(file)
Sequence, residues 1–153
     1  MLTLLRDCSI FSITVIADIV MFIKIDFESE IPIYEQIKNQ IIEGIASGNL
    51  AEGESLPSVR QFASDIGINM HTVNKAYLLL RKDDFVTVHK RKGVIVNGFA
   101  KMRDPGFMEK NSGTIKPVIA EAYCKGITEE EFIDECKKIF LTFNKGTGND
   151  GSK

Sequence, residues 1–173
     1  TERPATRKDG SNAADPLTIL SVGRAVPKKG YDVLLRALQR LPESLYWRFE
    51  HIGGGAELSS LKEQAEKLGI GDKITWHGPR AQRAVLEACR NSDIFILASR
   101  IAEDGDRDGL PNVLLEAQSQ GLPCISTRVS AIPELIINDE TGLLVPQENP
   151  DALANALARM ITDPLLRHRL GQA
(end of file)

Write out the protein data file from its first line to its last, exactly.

Sequence, residues 1–153
     1  MLTLLRDCSI FSITVIADIV MFIKIDFESE IPIYEQIKNQ IIEGIASGNL
    51  AEGESLPSVR QFASDIGINM HTVNKAYLLL RKDDFVTVHK RKGVIVNGFA
   101  KMRDPGFMEK NSGTIKPVIA EAYCKGITEE EFIDECKKIF LTFNKGTGND
   151  GSK

Sequence, residues 1–173
     1  TERPATRKDG SNAADPLTIL SVGRAVPKKG YDVLLRALQR LPESLYWRFE
    51  HIGGGAELSS LKEQAEKLGI GDKITWHGPR AQRAVLEACR NSDIFILASR
   101  IAEDGDRDGL PNVLLEAQSQ GLPCISTRVS AIPELIINDE TGLLVPQENP
   151  DALANALARM ITDPLLRHRL GQA